Do You Need A Last Will And Testament?

If you don't have a last will and testament, your property and assets will be disposed of as the court sees fit.

A shocking number of people in this country have not prepared a last will and testament. That means if they die without one, the court, and not their family, will decide how to manage their assets and creditors. Wills have been used for hundreds of years in the Western legal system; those of famous folk like William Shakespeare have been widely published because of their glimpses into a celebrity's life and times.

If you have not yet prepared a final will in consultation with an attorney, now is the time to give it some thought. Sit down with your closest family members and discuss the disposition of your final affairs.

1. Find an attorney who specializes in estate administration or simple personal wills. Discuss various types of wills to explore the ramifications of each. For example, some wills indicate that the children of a deceased person equally share proceeds from the estate. Depending on state law, the spouse may be automatically entitled to a certain percentage of the estate, or holdings, at the time of death. Discuss your state's estate and tax laws to learn more about your financial and legal obligations.



2. You will need to name an executor or administrator of your estate. Typically this is the surviving spouse or one of the children. It can be a close friend or other family member, however. This person should agree to act in this role and understand the terms of your will. The executor usually receives a small percentage from the estate in return for this service. At the time a will is made, it will have to be signed by two witnesses, who also will then understand the terms of your estate. Give a copy of your will to the named executor and keep a copy for yourself in a safe deposit box or bank vault.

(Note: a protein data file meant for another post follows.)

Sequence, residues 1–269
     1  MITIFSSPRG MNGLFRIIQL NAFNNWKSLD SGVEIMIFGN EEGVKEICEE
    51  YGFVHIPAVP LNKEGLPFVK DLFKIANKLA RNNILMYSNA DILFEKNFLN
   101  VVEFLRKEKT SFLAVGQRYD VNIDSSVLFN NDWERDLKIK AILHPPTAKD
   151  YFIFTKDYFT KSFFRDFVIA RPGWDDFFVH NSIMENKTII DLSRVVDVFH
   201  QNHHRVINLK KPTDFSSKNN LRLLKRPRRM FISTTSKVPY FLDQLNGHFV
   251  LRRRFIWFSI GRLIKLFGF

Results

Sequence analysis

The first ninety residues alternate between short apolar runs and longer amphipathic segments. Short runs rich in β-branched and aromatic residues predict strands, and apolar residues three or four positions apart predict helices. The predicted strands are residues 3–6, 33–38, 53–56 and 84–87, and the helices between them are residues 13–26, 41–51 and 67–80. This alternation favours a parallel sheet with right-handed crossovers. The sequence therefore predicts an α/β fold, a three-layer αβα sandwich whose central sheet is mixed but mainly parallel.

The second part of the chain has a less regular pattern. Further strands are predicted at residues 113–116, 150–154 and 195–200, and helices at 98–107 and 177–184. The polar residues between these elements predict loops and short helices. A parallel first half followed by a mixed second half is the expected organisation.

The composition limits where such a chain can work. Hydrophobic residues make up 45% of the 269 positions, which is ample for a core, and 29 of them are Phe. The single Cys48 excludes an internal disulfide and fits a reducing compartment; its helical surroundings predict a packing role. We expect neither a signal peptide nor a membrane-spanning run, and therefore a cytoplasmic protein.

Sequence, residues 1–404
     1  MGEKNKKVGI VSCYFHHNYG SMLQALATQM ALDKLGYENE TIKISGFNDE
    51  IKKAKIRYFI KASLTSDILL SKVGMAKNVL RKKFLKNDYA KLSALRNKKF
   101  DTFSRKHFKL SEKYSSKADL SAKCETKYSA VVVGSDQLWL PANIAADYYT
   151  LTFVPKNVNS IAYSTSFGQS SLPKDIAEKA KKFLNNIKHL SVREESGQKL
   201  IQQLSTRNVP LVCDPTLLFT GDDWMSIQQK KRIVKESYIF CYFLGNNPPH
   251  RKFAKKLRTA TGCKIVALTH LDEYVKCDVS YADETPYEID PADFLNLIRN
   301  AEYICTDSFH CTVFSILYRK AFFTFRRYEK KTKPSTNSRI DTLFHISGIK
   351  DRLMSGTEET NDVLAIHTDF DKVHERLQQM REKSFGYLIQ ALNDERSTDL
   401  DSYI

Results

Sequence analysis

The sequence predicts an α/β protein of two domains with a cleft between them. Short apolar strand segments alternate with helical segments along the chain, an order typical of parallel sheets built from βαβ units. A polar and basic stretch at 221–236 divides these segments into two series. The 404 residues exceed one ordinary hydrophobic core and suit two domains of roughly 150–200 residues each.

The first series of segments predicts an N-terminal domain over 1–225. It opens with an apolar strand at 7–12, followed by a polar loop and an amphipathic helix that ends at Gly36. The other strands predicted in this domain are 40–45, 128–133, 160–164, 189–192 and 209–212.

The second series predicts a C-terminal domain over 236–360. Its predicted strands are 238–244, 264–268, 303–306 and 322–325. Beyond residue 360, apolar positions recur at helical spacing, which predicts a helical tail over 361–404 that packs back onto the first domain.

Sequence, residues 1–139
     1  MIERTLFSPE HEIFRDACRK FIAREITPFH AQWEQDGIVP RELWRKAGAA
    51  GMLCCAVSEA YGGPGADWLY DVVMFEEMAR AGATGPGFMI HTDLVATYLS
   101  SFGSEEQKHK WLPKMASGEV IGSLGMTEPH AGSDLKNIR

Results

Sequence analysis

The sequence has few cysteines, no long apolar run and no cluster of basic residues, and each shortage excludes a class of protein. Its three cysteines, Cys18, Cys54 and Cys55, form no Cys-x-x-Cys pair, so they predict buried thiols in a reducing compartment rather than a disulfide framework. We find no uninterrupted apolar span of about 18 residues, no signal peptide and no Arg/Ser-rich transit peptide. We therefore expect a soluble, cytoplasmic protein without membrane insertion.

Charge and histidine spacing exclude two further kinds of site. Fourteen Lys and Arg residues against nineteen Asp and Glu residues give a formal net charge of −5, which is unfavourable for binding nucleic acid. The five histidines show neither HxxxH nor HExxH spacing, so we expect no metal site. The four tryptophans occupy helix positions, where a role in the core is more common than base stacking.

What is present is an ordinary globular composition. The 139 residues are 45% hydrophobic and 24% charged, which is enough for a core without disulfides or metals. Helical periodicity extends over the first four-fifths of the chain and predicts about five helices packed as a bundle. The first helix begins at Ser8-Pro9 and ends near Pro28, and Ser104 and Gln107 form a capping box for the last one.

3. The will lists family members who are entitled to inherit anything from you as well as your assets (actual or expected) to be disposed of. Your funeral arrangements will be spelled out, and all wills indicate that creditors should be paid from the proceeds of the estate before any residual monies are given as bequests.

4. Become familiar with legal terms and current laws. Your attorney can explain these to you, but don't hesitate to ask questions if you are unsure about something. It's better to find out before signing your will than learning about something later that will require a change in the documentation. Pick up a book on legalese language or browse the Internet to learn more about these terms.

5. A will may not be able to spell out everything precisely. Usually it does, but sometimes situations change to invalidate part of the will at the time it is filed with the court. Understand that some things may change over the course of your lifetime. That is why it is so important to choose an executor that you trust to make decisions in your place. As best you can, spell out the terms under which you want to make distributions and bequests so there will be no conflicts over remaining assets.

A last will and testament outlines a person's final disposition of the residual estate at the time of death. Lacking a will, attorneys and courts can only guess at what might be a person's wishes. You can make a will from a simple form that can be purchased at office supply stores or downloaded from the Internet. It may be a good idea to consult your attorney first.

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